Hosts Beckett Graham and Susan Vollenweider explore the lives of present-day women, ranging from monarchs like Queen Elizabeth I to entertainers like Lucille Ball. Episodes are arranged in historically-chronological order on the website for easy browsing.

What We Like:

  • In addition to profiles of historical figures, some episodes focus on the origins of fairy tale characters like Cinderella and Red Riding Hood.

What We Don't Like:

  • Many episodes are about queens, authors, and artists history buffs may already be familiar with.
Ben Franklin's World home page

Become a better citizen by listening to history experts discuss the early days of the American experiment. Topics aren't limited to Ben Franklin and his exploits; host Liz Covart discusses life under colonial rule, relationships between natives and Europeans, and the formation of the republic. Listen for free via iTunes or the Google Play App.

What We Like:

  • Each episode features an interview with an expert historian, so the information provided is thoroughly researched.

What We Don't Like:

  • While the show covers a range of topics, they all pertain to one subject, so it may not be everyone's cup of tea.
Lore podcast

For lovers of truly horrifying nonfiction, this podcast is a must-listen. Urban legends, unsolved murders, and mysterious locales are commonly explored themes on Lore. Anyone can listen for free, and Amazon Prime members can watch the show based on the podcast.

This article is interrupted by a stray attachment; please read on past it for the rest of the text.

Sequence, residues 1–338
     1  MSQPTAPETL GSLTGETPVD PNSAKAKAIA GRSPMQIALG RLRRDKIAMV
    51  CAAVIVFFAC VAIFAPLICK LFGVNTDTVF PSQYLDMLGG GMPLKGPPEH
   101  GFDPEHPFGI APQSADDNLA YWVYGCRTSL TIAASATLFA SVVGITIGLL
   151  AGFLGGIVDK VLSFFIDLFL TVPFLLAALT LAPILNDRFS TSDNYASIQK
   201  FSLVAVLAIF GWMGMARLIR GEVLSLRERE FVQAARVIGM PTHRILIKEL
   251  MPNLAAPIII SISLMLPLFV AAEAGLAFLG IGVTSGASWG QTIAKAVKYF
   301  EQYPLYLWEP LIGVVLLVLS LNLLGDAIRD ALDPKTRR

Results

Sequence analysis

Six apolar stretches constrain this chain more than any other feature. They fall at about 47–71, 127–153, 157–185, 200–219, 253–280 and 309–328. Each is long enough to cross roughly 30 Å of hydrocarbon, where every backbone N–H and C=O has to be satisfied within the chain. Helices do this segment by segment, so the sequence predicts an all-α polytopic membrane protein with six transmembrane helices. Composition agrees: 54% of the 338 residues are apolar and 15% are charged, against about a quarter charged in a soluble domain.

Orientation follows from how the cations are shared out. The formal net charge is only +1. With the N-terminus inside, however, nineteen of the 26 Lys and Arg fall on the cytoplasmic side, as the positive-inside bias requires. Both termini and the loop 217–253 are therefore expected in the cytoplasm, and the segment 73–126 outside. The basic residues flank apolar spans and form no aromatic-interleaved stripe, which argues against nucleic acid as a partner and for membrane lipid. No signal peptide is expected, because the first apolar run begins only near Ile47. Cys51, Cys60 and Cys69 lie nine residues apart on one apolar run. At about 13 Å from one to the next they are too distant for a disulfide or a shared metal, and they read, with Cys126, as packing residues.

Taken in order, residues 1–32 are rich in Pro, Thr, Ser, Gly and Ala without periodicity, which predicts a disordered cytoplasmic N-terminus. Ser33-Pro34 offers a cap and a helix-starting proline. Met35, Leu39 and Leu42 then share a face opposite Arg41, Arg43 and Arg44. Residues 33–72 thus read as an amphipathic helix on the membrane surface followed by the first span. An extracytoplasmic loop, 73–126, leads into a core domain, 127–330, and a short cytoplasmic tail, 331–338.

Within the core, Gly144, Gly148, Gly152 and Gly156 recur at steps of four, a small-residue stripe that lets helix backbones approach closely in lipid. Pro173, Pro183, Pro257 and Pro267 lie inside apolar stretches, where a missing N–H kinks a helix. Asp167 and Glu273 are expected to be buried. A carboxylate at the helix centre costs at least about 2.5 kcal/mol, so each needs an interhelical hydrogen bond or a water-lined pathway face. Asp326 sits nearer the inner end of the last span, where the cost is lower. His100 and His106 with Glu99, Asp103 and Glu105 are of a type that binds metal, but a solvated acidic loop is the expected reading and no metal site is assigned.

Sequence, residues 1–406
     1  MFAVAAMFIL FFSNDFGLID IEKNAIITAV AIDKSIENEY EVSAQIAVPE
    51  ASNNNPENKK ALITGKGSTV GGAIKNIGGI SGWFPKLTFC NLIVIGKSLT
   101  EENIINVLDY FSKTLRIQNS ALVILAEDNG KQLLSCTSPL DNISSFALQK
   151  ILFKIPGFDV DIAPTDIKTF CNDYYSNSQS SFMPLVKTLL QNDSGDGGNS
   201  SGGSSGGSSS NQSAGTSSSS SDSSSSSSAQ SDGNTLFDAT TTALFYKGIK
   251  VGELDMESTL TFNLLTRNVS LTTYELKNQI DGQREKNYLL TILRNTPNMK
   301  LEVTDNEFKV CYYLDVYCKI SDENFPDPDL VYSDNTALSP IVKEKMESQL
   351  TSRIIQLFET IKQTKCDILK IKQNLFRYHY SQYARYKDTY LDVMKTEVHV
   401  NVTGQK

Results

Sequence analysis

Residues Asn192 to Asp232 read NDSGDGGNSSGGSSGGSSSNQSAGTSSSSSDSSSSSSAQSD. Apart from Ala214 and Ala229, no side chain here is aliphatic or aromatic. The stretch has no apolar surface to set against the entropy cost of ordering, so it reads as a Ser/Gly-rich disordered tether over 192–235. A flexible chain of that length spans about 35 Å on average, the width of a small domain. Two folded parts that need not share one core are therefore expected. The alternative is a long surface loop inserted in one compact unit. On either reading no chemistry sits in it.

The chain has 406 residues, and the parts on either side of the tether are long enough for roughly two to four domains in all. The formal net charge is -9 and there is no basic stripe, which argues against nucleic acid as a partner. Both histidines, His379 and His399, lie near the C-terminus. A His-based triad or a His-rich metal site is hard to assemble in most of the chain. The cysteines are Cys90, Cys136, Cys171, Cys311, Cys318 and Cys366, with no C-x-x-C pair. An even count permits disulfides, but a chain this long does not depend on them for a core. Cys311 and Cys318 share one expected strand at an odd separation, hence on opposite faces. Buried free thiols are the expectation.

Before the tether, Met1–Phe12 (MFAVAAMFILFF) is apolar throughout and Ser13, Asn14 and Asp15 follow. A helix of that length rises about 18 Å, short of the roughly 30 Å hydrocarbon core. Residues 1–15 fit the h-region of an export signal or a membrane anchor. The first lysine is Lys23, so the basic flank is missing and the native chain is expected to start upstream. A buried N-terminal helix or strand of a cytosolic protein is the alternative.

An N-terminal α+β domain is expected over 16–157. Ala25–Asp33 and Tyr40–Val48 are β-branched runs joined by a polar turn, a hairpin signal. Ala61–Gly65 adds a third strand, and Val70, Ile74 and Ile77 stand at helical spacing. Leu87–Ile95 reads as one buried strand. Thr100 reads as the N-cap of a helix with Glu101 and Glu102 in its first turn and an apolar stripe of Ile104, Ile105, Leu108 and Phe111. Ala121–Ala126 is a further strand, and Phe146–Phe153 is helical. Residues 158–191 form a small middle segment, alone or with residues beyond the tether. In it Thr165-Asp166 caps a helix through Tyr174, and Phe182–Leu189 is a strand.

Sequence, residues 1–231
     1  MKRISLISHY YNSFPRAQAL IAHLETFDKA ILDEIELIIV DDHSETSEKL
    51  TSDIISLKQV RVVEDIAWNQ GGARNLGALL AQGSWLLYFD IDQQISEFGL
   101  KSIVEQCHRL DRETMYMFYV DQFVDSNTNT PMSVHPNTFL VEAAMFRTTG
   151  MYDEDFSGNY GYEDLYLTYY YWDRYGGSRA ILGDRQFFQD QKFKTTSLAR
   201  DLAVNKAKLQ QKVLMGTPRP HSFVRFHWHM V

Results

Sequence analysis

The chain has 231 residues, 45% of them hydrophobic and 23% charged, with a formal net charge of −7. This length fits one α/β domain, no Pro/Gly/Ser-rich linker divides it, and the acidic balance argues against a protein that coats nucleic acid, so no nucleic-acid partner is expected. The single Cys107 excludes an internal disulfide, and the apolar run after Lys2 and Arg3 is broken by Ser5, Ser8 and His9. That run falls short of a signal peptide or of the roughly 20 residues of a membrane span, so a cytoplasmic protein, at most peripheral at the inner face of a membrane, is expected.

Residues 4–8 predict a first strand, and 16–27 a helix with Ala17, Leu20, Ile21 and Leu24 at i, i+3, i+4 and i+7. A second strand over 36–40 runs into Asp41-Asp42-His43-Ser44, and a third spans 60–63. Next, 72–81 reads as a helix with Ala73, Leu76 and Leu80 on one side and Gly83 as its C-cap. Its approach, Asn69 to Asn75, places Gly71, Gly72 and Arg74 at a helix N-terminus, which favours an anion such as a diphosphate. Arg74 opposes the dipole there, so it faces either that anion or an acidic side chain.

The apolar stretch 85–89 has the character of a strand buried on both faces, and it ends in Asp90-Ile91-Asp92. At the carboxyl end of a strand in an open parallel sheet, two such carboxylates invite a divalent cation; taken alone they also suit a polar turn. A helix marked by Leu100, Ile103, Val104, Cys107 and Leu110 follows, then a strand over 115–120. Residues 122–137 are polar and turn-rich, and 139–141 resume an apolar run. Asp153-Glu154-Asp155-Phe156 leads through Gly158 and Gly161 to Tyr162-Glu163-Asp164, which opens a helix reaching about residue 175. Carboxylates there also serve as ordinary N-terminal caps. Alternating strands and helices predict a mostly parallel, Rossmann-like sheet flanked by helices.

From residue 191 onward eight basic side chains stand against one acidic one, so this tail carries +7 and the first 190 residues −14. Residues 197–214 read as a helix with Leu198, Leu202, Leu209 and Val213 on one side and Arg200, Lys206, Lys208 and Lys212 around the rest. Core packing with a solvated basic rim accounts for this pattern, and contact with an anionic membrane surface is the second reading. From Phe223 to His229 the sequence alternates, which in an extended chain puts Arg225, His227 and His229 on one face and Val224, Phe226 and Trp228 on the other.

What We Like:

  • This show is especially entertaining for fans of mysteries, conspiracy theories, and speculative fiction.

What We Don't Like:

  • The subject matter is often dark, and some of the tales will haunt you for days. This isn't a show for the easily disturbed.
SpyCast podcast

The International Spy Museum in Washington, D.C. broadcasts interviews with former spies and espionage experts to illuminate a profession that operates in the shadows. You'll learn about aspects of history you never knew existed.

What We Like:

  • The hosts and guests are experts in their fields.
  • The spy stories are often actioned packed and fun to listen to while on the go.

What We Don't Like:

  • Discussions often veer into current politics, which isn't necessarily a bad thing, but it may put off some listeners.